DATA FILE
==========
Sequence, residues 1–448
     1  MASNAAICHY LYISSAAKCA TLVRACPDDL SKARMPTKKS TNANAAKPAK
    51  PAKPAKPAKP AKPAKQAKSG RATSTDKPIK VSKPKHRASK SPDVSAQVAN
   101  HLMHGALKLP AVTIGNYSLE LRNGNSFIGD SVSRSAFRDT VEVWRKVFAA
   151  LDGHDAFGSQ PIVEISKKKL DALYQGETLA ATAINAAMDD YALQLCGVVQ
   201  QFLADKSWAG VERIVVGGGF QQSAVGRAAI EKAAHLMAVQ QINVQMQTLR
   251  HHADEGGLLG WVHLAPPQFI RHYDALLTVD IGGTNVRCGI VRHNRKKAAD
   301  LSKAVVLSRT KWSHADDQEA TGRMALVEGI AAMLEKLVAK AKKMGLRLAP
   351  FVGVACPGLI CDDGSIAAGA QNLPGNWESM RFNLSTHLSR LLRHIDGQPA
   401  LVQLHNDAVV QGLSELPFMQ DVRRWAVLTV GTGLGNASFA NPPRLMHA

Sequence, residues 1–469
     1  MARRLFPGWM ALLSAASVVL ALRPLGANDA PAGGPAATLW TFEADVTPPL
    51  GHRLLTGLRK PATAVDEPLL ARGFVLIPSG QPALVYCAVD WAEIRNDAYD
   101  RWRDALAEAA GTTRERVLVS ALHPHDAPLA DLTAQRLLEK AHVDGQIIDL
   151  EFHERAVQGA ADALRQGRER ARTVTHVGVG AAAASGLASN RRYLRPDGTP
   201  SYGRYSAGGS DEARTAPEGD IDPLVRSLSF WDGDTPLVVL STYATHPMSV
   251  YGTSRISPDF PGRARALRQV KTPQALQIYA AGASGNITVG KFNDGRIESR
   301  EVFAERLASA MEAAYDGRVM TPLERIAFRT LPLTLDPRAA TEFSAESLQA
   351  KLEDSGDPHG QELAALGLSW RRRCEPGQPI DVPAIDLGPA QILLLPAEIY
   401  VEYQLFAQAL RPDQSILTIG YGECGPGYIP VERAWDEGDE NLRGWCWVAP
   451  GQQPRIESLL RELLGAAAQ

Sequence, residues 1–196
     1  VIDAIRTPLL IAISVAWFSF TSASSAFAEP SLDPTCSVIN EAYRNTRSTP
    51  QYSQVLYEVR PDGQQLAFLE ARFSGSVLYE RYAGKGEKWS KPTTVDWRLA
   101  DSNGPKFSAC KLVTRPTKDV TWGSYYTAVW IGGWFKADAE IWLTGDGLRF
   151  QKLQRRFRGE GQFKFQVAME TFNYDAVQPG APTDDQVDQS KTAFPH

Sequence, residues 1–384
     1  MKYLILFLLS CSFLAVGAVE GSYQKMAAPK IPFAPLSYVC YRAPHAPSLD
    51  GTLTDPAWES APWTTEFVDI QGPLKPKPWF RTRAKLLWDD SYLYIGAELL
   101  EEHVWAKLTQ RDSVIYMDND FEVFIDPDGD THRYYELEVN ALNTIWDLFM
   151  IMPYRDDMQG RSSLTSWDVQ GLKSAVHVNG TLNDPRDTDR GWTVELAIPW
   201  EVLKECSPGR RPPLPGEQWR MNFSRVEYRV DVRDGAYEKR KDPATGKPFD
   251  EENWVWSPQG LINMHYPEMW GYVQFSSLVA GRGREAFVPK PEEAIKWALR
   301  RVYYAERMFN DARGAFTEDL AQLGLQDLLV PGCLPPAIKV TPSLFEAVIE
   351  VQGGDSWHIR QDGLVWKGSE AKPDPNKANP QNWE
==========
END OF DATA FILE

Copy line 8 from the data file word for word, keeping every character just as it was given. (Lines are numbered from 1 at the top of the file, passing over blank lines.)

   301  LSKAVVLSRT KWSHADDQEA TGRMALVEGI AAMLEKLVAK AKKMGLRLAP